A Tale of Two Gardens: Volunteer Park Conservatory and the Seattle Japanese Garden

Mobile Workshop

Come on a captivating journey through the vibrant histories of two of Seattle’s iconic cultural institutions, Volunteer Park Conservatory and the Seattle Japanese Garden. Attendees will learn about the rich tapestry of their unique origins and the intricacies of their current operations while getting a sneak peek into what the future holds. This mobile workshop will spark insightful conversations on interpreting, managing, and supporting these precious sites within a public parks system. Join us in unraveling the complexities of heritage preservation, sustainability, programming, and accessibility that these gardens intricately present. Each site also contains a unique history that requires a renewed consideration of cultural interpretation. Exploring how we acknowledge and honor their pasts while moving forward in new ways. Facing these histories daylights issues as complex as colonial resource extraction and the relocation and internment of Japanese Americans. Looking to the future allows us to learn from the past and explore the multiple dimensions of these cultural sites. Get ready to discover, discuss, and be inspired during this enlightening tour.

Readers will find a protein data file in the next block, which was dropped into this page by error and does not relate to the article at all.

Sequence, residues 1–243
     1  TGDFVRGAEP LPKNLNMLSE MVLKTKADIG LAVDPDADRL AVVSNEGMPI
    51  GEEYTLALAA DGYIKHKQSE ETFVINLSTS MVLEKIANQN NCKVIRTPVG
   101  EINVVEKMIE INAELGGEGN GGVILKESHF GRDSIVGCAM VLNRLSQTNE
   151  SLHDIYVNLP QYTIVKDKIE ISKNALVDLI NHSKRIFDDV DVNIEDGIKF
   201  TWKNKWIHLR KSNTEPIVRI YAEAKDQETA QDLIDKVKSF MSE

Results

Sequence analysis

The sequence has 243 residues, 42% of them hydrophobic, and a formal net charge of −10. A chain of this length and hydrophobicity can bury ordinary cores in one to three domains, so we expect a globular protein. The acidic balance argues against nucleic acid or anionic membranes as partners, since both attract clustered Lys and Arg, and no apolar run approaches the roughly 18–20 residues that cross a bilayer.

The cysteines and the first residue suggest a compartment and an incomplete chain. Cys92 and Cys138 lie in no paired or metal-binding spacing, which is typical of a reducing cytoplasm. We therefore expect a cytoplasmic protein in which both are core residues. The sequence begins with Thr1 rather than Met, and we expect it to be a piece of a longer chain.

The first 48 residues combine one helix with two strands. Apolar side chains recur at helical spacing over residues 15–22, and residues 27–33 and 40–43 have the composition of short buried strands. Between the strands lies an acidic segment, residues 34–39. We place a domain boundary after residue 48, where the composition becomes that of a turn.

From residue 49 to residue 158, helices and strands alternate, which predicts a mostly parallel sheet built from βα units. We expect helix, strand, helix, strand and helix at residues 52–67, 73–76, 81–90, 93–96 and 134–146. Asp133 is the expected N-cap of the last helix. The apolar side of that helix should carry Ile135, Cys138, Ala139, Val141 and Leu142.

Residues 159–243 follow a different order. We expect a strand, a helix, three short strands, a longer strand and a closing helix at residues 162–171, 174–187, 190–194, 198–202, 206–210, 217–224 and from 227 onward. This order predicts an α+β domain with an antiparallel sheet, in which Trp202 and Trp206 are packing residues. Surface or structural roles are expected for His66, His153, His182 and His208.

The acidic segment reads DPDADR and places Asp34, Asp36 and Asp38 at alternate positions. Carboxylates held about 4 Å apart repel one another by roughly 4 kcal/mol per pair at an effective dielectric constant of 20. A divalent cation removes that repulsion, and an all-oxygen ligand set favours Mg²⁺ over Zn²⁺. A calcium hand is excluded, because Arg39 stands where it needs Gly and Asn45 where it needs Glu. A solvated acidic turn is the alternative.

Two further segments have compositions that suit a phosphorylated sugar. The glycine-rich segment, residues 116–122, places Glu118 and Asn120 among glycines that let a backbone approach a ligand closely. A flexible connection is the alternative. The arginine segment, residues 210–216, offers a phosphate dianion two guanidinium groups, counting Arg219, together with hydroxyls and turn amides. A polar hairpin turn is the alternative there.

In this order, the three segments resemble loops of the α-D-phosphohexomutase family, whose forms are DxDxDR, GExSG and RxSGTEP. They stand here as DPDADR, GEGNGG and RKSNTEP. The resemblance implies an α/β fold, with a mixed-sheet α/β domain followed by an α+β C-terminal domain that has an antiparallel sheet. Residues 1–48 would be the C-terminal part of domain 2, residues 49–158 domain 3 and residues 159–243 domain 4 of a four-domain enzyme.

The Seattle Japanese Garden, operated under a cooperative agreement between Seattle Parks and Recreation and the Arboretum Foundation, is one of North America’s most highly regarded Japanese-style gardens. This 3.5-acre garden, open to the public in 1960, was inspired by the Japanese Pavilion at the 1909 Alaska Yukon Exhibition and included as an addition to Olmstead’s vision for the Arboretum in 1937. The garden was designed by renowned Japanese designers Kiyoshi Inoshita and Juki Iida and constructed largely by local Japanese American gardeners. The garden was created in the ‘strolling garden’ style, which draws visitors along a journey through varied landscapes of Japan and explores themes such as hide and reveal views.

The Volunteer Park Conservatory, proposed in 1893 as a Victorian-style greenhouse modeled after London’s Crystal Palace, serves as a public horticultural display collection and is often described as the “”jewel box”” among Seattle’s Olmsted Parks. It is among the most visited garden sites in the region and features rotating seasonal displays curated by horticultural staff and supported by a 9,000-square-foot production greenhouse. The Conservatory includes a rich history of public-private partnership support and collaboration. 

Please note: This tour includes indoor and outdoor areas. Consider layered clothing and summer weather conditions.